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Butternut squash is one of the most popular modern varieties of hard winter squash. Butternuts are known for their long neck and bowling pin or bell-like shape. Their smooth skin is pinkish-tan and hardened when mature. The skin is edible when cooked though most often it is peeled and discarded prior to eating. The long neck of the Butternut squash contains a solid orange flesh that makes for easy peeling and slicing. Its bulbous end houses a petite seed cavity surrounded by a layer of orange flesh. When cooked the flesh of the Butternut squash is tender, nearly strangles, and offers a mild squash flavor with sweet and nutty nuances.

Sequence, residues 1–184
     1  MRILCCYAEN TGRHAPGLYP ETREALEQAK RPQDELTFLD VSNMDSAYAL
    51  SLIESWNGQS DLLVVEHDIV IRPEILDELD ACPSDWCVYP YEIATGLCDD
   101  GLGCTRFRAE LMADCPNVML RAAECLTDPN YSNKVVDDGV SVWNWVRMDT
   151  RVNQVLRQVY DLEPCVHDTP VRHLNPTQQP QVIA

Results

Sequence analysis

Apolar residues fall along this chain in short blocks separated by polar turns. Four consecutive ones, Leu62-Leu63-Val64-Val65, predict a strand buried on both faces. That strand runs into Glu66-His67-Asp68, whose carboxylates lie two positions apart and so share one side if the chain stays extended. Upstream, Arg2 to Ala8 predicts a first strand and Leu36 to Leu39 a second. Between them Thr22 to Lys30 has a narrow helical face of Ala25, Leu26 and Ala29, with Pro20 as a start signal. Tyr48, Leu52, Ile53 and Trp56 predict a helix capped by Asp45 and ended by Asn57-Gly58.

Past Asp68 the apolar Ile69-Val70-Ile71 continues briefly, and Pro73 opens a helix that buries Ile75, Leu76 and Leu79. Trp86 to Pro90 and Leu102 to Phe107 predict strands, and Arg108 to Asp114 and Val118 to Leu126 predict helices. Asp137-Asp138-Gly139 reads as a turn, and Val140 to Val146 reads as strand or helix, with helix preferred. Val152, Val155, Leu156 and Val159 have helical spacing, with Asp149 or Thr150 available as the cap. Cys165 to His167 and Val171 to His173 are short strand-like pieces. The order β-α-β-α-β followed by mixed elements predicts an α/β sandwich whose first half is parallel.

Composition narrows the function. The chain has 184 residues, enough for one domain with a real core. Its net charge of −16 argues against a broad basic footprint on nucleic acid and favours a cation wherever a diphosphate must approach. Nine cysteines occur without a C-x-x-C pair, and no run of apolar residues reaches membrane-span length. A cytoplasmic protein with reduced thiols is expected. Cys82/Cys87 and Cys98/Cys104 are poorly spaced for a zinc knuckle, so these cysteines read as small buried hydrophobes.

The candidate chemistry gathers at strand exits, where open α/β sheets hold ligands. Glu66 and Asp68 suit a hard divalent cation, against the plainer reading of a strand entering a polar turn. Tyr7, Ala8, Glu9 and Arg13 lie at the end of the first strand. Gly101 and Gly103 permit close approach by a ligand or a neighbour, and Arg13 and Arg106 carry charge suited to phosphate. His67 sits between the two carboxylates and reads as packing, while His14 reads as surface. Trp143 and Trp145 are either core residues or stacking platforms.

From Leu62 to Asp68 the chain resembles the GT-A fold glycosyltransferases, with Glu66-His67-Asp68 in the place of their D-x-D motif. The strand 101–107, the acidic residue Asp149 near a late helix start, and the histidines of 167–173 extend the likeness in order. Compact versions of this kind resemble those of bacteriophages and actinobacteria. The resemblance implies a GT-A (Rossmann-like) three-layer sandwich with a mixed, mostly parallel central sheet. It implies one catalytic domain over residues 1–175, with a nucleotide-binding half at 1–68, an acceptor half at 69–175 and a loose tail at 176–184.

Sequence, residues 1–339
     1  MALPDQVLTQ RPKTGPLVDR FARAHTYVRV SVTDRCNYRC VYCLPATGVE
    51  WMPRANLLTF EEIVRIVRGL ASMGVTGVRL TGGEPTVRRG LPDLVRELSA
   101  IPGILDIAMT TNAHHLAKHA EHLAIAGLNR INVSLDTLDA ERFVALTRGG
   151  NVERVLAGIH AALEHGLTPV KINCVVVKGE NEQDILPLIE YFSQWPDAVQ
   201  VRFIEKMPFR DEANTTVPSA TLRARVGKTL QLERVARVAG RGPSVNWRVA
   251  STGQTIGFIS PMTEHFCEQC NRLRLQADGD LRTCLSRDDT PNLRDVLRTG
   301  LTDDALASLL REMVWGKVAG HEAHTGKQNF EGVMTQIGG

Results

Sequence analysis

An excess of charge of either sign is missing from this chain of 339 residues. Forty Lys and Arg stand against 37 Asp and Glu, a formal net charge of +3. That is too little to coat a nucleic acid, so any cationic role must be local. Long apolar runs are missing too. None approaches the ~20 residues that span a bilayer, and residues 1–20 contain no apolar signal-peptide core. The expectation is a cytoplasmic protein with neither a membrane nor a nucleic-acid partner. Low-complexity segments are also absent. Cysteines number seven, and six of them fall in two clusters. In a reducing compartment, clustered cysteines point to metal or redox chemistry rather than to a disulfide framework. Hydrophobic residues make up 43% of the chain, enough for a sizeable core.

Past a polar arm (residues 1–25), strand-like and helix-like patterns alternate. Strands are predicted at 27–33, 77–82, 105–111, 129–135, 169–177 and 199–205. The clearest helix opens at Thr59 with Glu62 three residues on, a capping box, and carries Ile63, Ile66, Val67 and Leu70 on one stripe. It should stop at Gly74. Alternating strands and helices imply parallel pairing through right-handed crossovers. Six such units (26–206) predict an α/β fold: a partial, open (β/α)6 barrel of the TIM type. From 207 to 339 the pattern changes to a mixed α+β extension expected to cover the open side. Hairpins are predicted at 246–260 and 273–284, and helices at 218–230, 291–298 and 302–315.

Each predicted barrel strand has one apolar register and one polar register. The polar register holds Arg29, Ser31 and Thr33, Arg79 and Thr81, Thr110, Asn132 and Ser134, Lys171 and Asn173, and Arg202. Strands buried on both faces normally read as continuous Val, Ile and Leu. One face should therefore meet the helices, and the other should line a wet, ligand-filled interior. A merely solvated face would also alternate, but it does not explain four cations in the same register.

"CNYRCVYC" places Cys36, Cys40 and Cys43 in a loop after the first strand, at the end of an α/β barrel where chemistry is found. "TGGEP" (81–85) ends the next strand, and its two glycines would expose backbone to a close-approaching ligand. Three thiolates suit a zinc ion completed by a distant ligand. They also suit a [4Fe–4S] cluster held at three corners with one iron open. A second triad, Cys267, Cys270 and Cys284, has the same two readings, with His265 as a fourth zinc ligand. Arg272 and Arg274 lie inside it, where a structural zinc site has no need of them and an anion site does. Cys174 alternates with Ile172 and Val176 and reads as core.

Butternut squash is available year-round.
The Butternut squash is botanically a part of Cucurbita moschata, aka the neck group of squashes. A relatively new variety, the Butternut we know today is the result of years of plant breeding to get the once popular crookneck winter squash plant to produce more compact, stackable and straighter necked fruits. The farmland in Massachusetts where the original butternut squash is believed to have been developed is today a golf course aptly named, Butternut Farm Golf Club.